I’ve spent much of this year writing a novel, which I expected would have a big impact on my reading habits. But apart from some research assignments—a lot of recent Russian history and a few books about Berlin—I pretty much went on as I normally do, reading a mixture of books that I had to for review, and others I felt a sudden compulsion to pick up in order to postpone reading anything with a deadline attached to it.
At the beginning of the year I wrote about Denis Johnson’s posthumous story collection The Largesse of the Sea Maiden, which I think is a capital G, capital B Great Book about death. I’ve read Jesus’ Son multiple times since it rewired my brain in the summer of 1993, but this assignment gave me an opportunity to dig in to his whole body of work: the poetry, the plays, the reportage and all those fascinating novels. He could have done the same thing over and over and people would have lapped it up, but it’s striking just how varied a body of work he produced.
I read some of the short fiction of Gerald Murnane, which has been collected in Stream System. Like all his work, it represents another facet of the same project all his work is engaged in furthering: the mapping, in intensive and idiosyncratic detail, of a single (and singular) consciousness. If you haven’t read Mark Binelli’s extraordinarily entertaining Times profile of him, do so at once.
I read Chekhov’s story “Gusev” a couple of times for something I was writing. I don’t know how many times I’ve read it altogether—maybe 10?—but I can never remember it whole; there’s always some part of it that presents itself as new, or that I register in a way I never registered it before. There are so many Chekhov stories I haven’t read but I seem to keep going back to the same ones, either because they’re inexhaustible or I have a terrible memory. E.M. Forster had a good line about not ever being able to remember what happens in Chekhov’s stories, but I’ve forgotten what it is.
Someone, and I’m afraid I have genuinely forgotten who it was, recommended a Heinrich Böll story from 1955 called “Mürke’s Collected Silences” to me (and I can’t recall who translated my edition, either; apologies, translation community). It’s about fascism, guilt and belief, and joins Krapp’s Last Tape in the pantheon of great works involving tape editing.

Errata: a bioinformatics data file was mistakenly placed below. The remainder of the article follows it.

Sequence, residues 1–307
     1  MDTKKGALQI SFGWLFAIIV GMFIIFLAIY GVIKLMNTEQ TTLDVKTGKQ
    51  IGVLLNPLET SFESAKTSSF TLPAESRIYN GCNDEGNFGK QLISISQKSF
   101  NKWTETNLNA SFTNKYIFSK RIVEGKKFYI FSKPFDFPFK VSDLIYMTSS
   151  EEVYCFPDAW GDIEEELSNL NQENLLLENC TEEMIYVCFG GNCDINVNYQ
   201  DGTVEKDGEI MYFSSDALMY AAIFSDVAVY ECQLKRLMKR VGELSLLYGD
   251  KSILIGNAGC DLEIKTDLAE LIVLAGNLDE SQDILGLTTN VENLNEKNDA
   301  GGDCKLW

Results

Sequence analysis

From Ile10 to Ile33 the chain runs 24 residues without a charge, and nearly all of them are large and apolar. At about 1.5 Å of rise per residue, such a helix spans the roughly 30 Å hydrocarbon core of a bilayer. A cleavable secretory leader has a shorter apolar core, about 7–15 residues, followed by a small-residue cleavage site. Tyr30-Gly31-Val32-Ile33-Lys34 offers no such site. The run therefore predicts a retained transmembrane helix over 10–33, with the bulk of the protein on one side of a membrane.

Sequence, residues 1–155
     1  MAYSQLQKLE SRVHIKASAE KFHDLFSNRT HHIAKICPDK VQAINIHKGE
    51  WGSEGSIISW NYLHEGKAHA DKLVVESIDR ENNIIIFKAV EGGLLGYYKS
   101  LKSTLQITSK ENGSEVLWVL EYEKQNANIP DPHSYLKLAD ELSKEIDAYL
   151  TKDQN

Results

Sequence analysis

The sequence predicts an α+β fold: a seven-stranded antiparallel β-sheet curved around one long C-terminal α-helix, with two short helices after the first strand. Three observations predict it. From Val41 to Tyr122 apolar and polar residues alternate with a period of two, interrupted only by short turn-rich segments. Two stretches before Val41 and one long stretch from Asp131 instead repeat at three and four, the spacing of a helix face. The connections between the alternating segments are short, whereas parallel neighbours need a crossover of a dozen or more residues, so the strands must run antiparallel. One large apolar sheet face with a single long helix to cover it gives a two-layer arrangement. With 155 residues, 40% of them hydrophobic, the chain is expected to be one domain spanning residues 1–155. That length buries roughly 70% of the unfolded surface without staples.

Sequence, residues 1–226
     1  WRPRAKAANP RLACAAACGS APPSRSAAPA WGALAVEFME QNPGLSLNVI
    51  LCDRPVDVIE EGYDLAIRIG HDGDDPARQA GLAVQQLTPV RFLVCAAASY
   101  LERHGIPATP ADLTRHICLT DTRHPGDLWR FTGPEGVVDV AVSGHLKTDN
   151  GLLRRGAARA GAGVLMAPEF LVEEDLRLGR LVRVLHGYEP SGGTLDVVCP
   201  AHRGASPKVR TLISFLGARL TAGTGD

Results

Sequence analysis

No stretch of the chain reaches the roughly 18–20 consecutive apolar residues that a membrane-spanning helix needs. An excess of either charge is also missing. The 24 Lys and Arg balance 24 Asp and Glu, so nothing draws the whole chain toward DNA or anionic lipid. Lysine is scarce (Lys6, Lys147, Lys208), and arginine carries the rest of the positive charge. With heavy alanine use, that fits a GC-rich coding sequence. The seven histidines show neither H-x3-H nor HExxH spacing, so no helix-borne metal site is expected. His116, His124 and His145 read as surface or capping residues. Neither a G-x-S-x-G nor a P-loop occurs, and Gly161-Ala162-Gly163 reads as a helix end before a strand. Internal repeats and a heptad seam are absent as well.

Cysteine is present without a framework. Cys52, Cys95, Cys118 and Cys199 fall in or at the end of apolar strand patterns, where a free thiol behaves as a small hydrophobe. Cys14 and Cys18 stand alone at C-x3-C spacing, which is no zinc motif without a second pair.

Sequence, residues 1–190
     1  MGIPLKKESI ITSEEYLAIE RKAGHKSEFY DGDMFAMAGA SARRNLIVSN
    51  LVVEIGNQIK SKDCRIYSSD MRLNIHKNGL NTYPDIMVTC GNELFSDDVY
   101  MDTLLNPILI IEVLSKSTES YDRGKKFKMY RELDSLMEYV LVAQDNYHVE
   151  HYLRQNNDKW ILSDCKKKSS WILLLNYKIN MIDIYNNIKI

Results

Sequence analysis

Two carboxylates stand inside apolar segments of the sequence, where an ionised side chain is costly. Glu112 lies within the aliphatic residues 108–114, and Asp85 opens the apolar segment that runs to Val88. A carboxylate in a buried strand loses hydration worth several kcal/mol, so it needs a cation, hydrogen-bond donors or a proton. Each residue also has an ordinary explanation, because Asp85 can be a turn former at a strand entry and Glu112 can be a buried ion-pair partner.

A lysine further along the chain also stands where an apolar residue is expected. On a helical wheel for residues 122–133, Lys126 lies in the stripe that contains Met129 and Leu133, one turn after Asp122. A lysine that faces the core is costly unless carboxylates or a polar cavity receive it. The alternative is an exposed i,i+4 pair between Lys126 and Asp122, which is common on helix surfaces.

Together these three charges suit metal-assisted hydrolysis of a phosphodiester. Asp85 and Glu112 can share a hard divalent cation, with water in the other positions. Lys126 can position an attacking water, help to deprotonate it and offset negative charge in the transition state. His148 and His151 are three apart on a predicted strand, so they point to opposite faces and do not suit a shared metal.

I guzzled Rachel Cusk’s Outline trilogy, and then reread the final book, Kudos, when I reviewed it alongside volume six of Knausgaard’s My Struggle (translated by Don Bartlett and Martin Aitken). I’m someone who found pretty much all of Knausgaard’s sequence compelling, even volumes three and four, where I think a lot of readers drop away. But it was only during the 400-page “essay” on Hitler in the new book that I got really bogged down. It’s an enormously tedious misstep that should have been cut, or at least significantly reduced in size (I mean, the book would still be 800 pages without it). But while there are many passages in the Knausgaard that I will undoubtedly return to, it’s Cusk’s trilogy that will, I think, continue to generate fresh meanings on repeated readings. Not that it’s a competition, but the two projects are so interestingly intertwined (Cusk was inspired to write her three novels after reading Knausgaard; he appears in Kudos transformed into a lugubrious Portuguese novelist) that it’s hard not to consider them alongside one another.
I read and loved Sheila Heti’s Motherhood, Sally Rooney’s Normal People and Rachel Kushner’s The Mars Room, the last of which kept me absorbed, and by virtue of that sane, for four hours’ standing on a packed train from Scotland to London on the last day of the Edinburgh Festival. I read Emmanuel Carrère’s The Adversary, which is as amazing as everybody who’s read it always says it is. I reread some Alice Munro (“Differently” and “Fits”), and I read Seven Years by Peter Stamm because I’d somehow heard that it’s a great Berlin novel—this despite the fact that it’s set entirely in Munich. Oh well, it’s all Germany I guess.
This year, as every year, I bought many more books than I read. Some of them will probably still be unread when I die, but not all of them.
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